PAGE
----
Steve Argintaru: (The control room) was controlled mayhem, if I can use that term. There wasn’t a lot of yelling or anything like that. It was intense for sure. We didn’t sometimes know where we were going from one guest to the next. All at once we’re trying to think of where we’re going and trying to call guests to talk about their memories of Doc. But it was fairly controlled. The thing that stuck out to me was everybody was pitching in, from multiple producers in the control room to the anchors that stayed through for two and half hours to the control room crew to our guest bookers to our guests that came in and called in. It was a true team effort to work through this coverage.

Steve Simmons: There’s a lot of, ‘We need you here now for this.’ You’d go there and, ‘No, we need you in ten minutes.’ But in ten minutes they wanted you somewhere else. So, I went to radio, they didn’t need me. I went back to TV. Three or four times that happened where you went back and forth.

Bryan Hayes: It’s difficult when you’re trying to be on the same page with the people (in the control room) when you don’t have (commercial) breaks, because obviously you can’t come together and reset. You just have to rely on them finding the right guest or supplying you with a certain topic or a certain angle. You really have to lean on them.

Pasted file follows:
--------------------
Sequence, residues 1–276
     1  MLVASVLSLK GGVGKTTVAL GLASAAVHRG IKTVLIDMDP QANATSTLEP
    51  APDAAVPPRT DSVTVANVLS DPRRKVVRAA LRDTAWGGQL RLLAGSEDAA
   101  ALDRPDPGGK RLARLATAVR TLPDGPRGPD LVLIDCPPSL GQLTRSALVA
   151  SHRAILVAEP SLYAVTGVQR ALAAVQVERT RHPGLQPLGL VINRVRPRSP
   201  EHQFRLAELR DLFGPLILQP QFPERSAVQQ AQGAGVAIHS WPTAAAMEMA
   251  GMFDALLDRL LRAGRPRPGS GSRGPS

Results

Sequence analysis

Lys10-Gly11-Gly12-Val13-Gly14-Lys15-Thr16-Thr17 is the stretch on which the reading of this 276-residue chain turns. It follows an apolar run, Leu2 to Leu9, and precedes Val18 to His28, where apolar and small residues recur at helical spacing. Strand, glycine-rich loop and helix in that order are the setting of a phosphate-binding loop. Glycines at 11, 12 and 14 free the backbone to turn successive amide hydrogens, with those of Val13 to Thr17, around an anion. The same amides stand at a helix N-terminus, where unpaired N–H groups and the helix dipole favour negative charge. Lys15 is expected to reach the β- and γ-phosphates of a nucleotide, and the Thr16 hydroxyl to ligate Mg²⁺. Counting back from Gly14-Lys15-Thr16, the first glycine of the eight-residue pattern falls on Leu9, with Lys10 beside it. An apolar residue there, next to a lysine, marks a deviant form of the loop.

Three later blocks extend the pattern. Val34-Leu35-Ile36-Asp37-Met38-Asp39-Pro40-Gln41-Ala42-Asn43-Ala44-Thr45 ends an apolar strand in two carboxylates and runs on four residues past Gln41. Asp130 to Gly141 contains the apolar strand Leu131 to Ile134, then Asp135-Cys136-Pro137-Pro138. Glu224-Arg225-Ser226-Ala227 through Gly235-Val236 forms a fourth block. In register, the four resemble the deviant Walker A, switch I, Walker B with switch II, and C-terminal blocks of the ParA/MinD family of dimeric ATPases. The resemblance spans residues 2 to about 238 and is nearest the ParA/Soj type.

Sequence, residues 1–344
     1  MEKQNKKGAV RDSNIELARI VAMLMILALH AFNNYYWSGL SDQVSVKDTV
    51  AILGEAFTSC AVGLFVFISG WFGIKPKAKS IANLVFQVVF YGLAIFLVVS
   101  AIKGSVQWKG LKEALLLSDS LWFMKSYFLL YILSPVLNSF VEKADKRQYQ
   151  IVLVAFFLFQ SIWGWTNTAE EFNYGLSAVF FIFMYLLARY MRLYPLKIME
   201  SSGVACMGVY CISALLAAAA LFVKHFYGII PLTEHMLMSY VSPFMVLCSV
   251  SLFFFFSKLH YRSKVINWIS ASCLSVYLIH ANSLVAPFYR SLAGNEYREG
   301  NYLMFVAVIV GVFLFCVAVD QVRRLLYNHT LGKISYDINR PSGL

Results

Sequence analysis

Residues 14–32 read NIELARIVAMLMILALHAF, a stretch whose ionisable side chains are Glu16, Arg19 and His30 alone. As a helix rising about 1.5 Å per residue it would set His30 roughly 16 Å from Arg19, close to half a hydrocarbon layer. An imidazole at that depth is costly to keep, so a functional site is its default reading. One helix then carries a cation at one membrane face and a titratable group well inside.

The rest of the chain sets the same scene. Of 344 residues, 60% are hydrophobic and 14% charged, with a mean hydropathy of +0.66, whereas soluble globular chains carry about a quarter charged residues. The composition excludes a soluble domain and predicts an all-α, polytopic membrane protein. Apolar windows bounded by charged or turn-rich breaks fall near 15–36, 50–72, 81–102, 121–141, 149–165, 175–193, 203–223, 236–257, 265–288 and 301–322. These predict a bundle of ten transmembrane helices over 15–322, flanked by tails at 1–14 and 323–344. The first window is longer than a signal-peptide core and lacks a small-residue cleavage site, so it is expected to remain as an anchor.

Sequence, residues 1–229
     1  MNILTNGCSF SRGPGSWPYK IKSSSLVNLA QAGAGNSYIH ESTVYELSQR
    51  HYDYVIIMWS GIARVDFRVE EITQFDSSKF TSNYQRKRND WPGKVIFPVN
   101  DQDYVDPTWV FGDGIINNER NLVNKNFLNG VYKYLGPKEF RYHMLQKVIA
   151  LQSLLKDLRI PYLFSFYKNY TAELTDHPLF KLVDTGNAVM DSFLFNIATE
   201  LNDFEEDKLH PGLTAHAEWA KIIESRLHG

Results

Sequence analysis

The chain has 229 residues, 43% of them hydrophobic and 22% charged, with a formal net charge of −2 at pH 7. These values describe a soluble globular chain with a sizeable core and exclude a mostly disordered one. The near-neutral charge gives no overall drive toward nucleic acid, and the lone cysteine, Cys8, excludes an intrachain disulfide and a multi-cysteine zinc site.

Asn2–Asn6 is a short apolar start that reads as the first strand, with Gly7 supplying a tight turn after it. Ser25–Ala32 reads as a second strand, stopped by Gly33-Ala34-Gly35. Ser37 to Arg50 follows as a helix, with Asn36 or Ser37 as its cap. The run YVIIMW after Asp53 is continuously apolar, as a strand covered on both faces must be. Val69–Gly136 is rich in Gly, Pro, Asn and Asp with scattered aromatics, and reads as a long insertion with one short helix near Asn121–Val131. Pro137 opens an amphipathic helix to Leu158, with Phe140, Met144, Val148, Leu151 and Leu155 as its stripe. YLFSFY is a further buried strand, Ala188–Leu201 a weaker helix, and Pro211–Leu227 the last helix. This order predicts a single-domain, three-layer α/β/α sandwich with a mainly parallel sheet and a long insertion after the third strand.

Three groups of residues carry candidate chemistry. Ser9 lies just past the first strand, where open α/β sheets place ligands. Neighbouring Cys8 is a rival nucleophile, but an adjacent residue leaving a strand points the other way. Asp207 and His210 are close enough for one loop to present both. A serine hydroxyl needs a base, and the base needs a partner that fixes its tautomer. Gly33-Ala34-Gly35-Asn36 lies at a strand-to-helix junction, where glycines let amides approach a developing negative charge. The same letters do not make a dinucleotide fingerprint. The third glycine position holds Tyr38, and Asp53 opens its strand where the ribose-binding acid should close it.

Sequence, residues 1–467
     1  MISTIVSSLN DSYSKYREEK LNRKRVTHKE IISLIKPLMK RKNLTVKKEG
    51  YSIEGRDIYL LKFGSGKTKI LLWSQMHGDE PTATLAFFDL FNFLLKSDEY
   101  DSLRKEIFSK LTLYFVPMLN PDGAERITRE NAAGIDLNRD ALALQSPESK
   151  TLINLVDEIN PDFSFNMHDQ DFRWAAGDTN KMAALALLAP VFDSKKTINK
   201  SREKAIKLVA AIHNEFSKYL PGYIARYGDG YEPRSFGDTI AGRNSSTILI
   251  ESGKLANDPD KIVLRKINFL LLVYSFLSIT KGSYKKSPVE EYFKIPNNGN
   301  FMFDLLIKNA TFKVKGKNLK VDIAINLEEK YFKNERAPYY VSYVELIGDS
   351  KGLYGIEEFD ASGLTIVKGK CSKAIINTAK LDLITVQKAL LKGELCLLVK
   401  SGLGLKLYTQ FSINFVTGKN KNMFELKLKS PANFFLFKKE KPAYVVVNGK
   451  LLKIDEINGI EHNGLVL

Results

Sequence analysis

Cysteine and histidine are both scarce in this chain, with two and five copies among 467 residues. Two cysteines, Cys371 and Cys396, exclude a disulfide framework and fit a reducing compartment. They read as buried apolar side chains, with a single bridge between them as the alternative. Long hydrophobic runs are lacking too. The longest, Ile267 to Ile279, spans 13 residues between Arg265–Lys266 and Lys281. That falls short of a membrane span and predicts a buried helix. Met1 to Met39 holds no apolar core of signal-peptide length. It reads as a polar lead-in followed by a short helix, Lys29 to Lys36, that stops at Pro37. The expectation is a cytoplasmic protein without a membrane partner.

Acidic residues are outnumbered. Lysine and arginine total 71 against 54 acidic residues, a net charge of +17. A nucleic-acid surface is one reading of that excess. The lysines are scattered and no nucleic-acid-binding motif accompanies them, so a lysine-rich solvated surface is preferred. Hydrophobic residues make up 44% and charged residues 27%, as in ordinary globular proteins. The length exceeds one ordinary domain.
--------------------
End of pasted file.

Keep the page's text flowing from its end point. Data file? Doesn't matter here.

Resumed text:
Matt Marchese: I gotta give props to Bob and Damien and John because with everything that was going on, I told Bob, ‘Listen, you know how this works. We’ll get you guests,’ because at that point we don’t have any semblance of what a lineup is going to look like, at that point it’s a mess. But they roll with it, and from those guys I don’t expect anything different.


Time To Exhale

Shawn Lavigne: I said to Tyler after the show, ‘You’re exhausted. You want to feel good in terms of the job you did and your focus but then of course you realize one of the athletes you grew up with passed away.’ You have to treat that story with respect.

Steve Argintaru: There was a collective exhale that we made it through. There was definitely pride in what we did because to pull off two and half hours of live television that way under those circumstances really without any preparation is pretty rare on the news side of the business. Yeah, you do trade deadline coverage and you do all sorts of other things that you can do some kind of prep for, but obviously there was no preparation for this. Nobody saw this coming, so everything we were doing was completely reactionary. To be able to do that, to put together two and a half hours of news coverage that we were pretty proud of, it was a good feeling from that point of view.